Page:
If the evidence is inadmissible, then that is the basis to overturn the verdict. There is no need to tie it to an improper closing. Presumably, this would be true where evidence was inadmissible.
The court believes these statements led to asking for damages for harm to others. But the attorney is asking for punitive damages. We don’t have punitive damages in Maryland without proof of actual malice – which eliminates 99.999% of cases like this from being considered for punitive damages. But if you are asking for punitive damages, give the context of why there was a risk of harm to more than just the plaintiff. (Plaintiff’s lawyer also got into evidence the salaries of certain executives at Ford which sounds incredible. But, again, our law firm has never handled a punitive damages case so I really can’t speak to the standard for admissibility in these cases.)
Finally, the most interesting finding by the court is that the plaintiff’s attorney tried to lead the jury to passion instead of logic. If a lawyer representing a 12-year-old brain-damaged child is arguing for punitive damages and is not trying to ignite some passion in the jury, he is committing legal malpractice. In most jurisdictions, there is a line you can’t cross – for example, “put yourself in the plaintiff’s shoes” (cf. David Ball and Don Keenan’s argument in Reptile) – but any jury verdict could probably be overturned if you just say “appealed to passion.” It has to be a little more complicated than that, but the court does not flush out where the actual line is. Otherwise, it is just a catch-all for “I don’t like the verdict.”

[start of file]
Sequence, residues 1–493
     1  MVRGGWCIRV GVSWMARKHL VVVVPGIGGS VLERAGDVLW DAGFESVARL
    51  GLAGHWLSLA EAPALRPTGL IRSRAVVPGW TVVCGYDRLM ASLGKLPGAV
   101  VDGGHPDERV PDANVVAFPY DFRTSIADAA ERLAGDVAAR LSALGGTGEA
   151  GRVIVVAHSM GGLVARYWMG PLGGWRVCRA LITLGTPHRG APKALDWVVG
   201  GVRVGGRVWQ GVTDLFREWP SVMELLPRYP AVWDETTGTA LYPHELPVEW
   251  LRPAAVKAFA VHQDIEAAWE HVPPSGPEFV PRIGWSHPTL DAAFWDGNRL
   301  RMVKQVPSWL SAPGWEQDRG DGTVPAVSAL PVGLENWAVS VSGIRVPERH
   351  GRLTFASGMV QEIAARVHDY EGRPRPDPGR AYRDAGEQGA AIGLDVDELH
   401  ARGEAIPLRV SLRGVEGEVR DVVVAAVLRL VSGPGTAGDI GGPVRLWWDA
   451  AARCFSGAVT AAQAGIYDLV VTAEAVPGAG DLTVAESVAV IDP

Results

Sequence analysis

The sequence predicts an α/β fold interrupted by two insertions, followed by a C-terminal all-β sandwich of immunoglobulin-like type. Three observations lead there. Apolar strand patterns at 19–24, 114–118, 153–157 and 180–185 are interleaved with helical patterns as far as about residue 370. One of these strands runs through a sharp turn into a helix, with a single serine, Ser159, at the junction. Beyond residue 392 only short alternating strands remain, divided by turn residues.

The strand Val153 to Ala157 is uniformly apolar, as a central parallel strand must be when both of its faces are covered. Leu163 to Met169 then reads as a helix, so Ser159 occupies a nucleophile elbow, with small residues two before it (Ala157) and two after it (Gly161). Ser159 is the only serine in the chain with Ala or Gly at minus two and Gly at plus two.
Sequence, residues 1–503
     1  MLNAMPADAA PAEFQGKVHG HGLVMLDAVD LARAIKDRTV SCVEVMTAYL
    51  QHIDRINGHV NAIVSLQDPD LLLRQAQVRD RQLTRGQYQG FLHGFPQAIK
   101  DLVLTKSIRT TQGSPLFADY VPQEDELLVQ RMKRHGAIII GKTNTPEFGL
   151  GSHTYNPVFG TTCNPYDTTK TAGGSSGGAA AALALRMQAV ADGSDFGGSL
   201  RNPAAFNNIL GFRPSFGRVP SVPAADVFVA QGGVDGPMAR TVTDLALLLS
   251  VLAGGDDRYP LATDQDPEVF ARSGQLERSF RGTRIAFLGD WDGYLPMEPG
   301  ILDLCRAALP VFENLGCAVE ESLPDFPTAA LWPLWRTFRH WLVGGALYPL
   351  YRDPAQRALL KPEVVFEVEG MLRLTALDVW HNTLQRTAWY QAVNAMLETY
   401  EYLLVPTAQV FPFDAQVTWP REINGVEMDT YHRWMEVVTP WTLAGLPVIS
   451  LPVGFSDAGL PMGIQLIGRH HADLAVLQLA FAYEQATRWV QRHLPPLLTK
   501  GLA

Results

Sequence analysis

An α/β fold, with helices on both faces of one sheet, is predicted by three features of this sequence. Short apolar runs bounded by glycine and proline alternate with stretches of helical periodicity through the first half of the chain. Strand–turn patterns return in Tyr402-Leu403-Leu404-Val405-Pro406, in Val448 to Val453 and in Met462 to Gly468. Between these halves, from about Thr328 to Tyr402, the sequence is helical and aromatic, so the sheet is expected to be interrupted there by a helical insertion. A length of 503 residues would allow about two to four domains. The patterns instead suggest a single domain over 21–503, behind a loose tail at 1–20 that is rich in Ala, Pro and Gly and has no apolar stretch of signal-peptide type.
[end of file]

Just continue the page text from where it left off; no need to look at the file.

The second argument is on the admissibility of post-distribution evidence. Without a doubt, post-distribution/subsequent remedial measures is a tough issue. While the evidence is often relevant and sometimes even the smoking gun that can turn a case, I agree with the premise we have to make sure companies have some latitude in certain instances to figure out solutions to problems without having to worry about it being shoved back in their faces one day at trial. But because the rule takes away admissible evidence that would ostensibly lead to a more just result, courts really have to be circumspect in applying the rule, making sure the rationale is fully alive in the facts of the case. Subsequent remedial measures by a third party, for example, should not be excluded under this rule.
The court in this Ford rollover case does not apply the post-distribution rule with circumspection. Instead, it applies an overly broad rule that seems to bar all evidence created after the product is made.
So Ford dodges a large verdict. But the problem they still face is that a jury hit them with $15 million in punitive damages. Which tells you that a good focus group told them they did something very wrong. Taking away post-distribution evidence and a few other pieces of evidence or arguments might change this… but I doubt it. Don’t be surprised if the next jury awards more.
- The South Carolina Supreme Court’s Decision
- Drug and Device Law Blog (different view, different angle, with discussion of consumer expectations and risk-utility tests)
- Point of Law (another different view)